The photo above is not the exact machine but you can see where if this was used to process piping the different diameter pipes would all sit at the same level.  One option could be to use a Super Air Wipe  for this application but then the smaller diameters would not pass through the center of the Air Wipe, instead they would pass through the bottom half of the airflow which may not give optimal performance. Instead, I suggested to use 4 of our 6″ Super Air Knife kits and 2 of our Electronic Flow Control units.

 

2 - 110006 - 6" Aluminum Super Air Knives coupled together w/  a 110900 SAK Connector Kit

2 – 110006 – 6″ Aluminum Super Air Knives coupled together w/ a 110900 SAK Connector Kit

I  suggested that we make two pairs of knives for this blowoff setup by coupling two of the 6″ Super Air Knives together.  Once they are coupled together like is shown above, we could mount the two coupled air knives vertically along the trough and blowing at a 45° angle toward the center of the conveyor.  The plumbing of the two bottom knives will be to one EFC while the top two knives will be plumbed to the other.    The sensors will then be set up at two different heights, lower knives to sense the bottom of the pipe and the upper knife sensor will be set just above the bottom 6″ knife.

The reason for using 4 – 6″ Super Air Knives and 2 EFCs instead of 2 – 12″ Super Air Knives and 1 EFC is to save the most compressed air possible.   By enabling them to turn the top two 6″ Super Air Knives off automatically when they are running below a 6″ diameter pipe.  Then when a larger pipe is processed the top knives will also kick on with the lower knives and provide a uniform blowoff of the product.

So if you have multiple sizes of product being processed on the same line and don’t think any one solution will work, contact us and see if we can’t come up with our own recipe.

Brian Farno
Application Engineer
BrianFarno@EXAIR.com
@EXAIR_BF

 

Machine image courtesy PEO ACWA Creative Commons

 

Pressure Profile: Where to Measure Your Air Pressure

Generic Layout drawing of compressed air piping system.

In order to fully understand how efficient your compressed air system may be, you will need to generate a system pressure profile at some point.   This is a list or diagram of what pressures you have in your compressed air system at specific locations, as well as the pressure required by all the demand devices on your compressed air system.

One of the reasons for the pressure profile is that you may have an application that is far away from the compressor but also highly dependent on a specific operating pressure.   You may also find an application that, due to pressure losses within the system, causes an artificially high pressure demand.

The list below gives the critical points for measuring your compressed air system profile.

  1. At the air compressor discharge. (If using multiple compressors, measure at each.)
  2. If dryers of any type are being used after the compressor measure downstream from the dryer.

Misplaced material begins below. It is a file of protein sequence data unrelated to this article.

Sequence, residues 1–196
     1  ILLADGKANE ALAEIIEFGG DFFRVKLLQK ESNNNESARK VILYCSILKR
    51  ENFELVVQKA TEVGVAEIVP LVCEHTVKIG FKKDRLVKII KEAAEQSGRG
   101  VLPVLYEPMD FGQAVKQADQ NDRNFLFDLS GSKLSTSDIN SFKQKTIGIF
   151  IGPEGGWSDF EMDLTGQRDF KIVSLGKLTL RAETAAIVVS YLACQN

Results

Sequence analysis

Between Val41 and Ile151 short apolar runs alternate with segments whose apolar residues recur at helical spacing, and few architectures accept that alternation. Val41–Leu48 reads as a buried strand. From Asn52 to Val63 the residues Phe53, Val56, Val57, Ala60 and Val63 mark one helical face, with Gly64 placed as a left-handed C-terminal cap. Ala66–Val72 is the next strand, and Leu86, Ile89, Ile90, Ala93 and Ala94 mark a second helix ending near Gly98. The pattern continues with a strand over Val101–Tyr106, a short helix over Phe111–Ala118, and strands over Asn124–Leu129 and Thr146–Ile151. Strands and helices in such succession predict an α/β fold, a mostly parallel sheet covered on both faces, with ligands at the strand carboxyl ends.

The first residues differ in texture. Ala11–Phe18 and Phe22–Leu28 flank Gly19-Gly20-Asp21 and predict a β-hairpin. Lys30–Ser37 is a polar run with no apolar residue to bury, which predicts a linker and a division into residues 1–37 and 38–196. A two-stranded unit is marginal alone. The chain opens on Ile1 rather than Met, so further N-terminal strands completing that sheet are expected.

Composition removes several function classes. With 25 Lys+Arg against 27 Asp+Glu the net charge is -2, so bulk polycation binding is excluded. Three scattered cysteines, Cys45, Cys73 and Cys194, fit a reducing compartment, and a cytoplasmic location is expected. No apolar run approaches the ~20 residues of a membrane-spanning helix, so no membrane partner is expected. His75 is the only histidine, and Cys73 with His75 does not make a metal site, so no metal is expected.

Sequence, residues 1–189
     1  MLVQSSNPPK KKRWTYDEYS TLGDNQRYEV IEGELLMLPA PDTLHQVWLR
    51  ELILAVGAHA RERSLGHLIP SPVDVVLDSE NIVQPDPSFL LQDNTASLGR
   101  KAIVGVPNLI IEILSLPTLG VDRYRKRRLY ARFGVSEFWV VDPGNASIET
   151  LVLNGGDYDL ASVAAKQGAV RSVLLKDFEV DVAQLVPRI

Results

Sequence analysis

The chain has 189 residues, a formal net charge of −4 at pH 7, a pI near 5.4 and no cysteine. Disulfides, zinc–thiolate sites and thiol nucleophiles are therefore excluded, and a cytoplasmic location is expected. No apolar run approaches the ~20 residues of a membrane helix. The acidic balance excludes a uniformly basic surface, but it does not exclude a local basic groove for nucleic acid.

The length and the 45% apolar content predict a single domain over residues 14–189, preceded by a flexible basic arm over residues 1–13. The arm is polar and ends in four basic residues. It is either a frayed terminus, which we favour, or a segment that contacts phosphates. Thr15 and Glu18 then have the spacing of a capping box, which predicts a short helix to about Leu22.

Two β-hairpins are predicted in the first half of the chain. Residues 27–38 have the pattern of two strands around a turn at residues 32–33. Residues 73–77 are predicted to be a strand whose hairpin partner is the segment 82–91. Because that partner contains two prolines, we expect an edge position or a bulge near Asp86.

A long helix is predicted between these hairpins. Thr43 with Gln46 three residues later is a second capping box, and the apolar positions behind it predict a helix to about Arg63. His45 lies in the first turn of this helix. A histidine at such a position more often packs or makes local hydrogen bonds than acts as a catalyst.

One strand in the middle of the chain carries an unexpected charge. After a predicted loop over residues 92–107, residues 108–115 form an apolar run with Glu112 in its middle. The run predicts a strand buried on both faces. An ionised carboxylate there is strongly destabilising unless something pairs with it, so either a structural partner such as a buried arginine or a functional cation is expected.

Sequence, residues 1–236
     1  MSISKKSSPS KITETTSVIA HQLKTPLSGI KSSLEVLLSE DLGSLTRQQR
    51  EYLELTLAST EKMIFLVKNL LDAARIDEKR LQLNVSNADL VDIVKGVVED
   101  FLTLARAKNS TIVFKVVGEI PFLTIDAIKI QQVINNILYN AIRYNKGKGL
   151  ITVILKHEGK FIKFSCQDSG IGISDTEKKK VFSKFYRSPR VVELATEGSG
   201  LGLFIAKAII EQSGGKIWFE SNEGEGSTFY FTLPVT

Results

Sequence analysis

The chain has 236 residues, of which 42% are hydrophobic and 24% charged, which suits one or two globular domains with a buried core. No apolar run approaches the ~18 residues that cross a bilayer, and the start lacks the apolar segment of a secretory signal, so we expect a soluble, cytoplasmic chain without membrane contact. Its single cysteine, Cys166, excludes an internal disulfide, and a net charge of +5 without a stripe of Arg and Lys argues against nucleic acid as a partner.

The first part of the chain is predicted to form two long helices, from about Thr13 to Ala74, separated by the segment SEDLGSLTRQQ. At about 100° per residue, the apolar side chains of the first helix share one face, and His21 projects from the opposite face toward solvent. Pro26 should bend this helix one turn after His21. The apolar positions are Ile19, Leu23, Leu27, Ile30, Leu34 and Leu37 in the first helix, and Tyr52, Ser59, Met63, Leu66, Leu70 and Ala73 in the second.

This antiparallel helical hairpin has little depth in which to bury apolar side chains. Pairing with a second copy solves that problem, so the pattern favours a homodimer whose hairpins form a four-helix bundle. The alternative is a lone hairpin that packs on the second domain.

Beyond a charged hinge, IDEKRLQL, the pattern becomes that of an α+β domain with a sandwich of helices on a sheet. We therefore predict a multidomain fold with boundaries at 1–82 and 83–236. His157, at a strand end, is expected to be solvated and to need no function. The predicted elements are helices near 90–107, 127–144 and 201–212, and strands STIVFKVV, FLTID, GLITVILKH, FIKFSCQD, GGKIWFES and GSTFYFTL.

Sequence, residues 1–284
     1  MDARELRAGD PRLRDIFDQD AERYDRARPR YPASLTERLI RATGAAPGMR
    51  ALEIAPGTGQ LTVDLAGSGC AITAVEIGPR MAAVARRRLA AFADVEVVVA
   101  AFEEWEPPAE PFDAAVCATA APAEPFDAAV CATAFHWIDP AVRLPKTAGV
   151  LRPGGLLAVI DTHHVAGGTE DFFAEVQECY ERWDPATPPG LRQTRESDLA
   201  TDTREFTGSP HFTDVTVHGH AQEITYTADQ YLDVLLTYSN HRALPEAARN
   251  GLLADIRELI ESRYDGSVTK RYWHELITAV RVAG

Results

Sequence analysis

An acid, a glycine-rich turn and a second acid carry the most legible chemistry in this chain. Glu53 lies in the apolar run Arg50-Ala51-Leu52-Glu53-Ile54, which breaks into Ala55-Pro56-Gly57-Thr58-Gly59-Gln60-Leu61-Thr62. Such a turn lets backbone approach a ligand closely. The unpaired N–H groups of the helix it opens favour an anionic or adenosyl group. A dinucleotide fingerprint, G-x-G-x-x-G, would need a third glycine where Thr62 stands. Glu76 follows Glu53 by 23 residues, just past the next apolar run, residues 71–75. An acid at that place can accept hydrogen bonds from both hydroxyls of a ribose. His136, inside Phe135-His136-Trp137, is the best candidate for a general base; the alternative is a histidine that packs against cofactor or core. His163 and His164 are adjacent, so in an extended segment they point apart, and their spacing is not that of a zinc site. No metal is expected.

3. Downstream of each filter. (If a particulate filter and oil removal filter are being used it is best to measure downstream of each individual device.   This is to tell when you have more than a 5 psig pressure drop or a clogged filter.)
  4. After each intermediate storage device, such as receiver tanks.
  5. At the point just before the main line from your compressor room branches off to distribution.
  6. The furthest point of each header line you have installed.
  7. On both sides of every filter/regulator units that are at high pressure point of use applications.

To give you an idea of why it is so important to measure these locations, take a look at the blogs we have posted on pressure drop. (Link Here)  As you can tell by the list of blogs that comes up, pressure drop through piping can really cause a lot of wasted energy in your compressed air system.   If you can get a good base line measurement by utilizing a pressure profile then you can start the process to optimizing your compressed air system.

6 steps

The EXAIR Six Steps To Optimizing Your Compressed Air System.

 

If you would like to discuss this or any of the other 6 steps to compressed air optimization, feel free to contact us.

Brian Farno
Application Engineer
BrianFarno@EXAIR.com
@EXAIR_BF

Don’t Waste Your Money (or Compressed Air)

This week I worked with a customer trying to separate a 135” wide paper sheet from a fabric used for commercial paper towel machines. They were using 45 spray nozzles, spaced 3” apart on a manifold, to blow off the sheet which then would fall into a chute below. The nozzles were doing the job but they were growing more concerned with their compressed air expense for this process.

Competitor Nozzle

45 pcs. of this nozzle were replaced with EXAIR’s Super Air Knife to save $87,000 annually!

The current nozzle setup was also causing another issue – there were “empty voids or gaps” in the airflow between the nozzles, which resulted in creases in the fabric. They were considering adding more nozzles and spacing them 2” apart but that was only going to increase their compressed air expense, so I asked them to consider our Super Air Knife. They were intrigued but were concerned that they would consume more compressed air, you’ll see below that the Super Air Knife uses less air and eliminates the creasing problem because the Super Air Knife provides a continuous airflow from end to end.

After reviewing the specs, I determined that each nozzle was consuming 29.6 SCFM @ 90 PSIG of compressed air, meaning they were consuming 1,332 SCFM for the process (29.6 SCFM x 45 nozzles).

I recommended using (2) 48” and (1) 42” Aluminum Super Air Knives, coupled together, to provide a 138” laminar sheet of airflow. I chose these In Stock – Ready to Ship lengths, so the customer wouldn’t have to order a special length even though that lead time would have only been 3 days. The Super Air Knife only consumes 2.9 SCFM @ 80 PSI (per inch of knife), and provides a laminar sheet of uniform airflow with a 40:1 air amplification rate, which would not only perform in the application, but also provide the needed compressed air savings.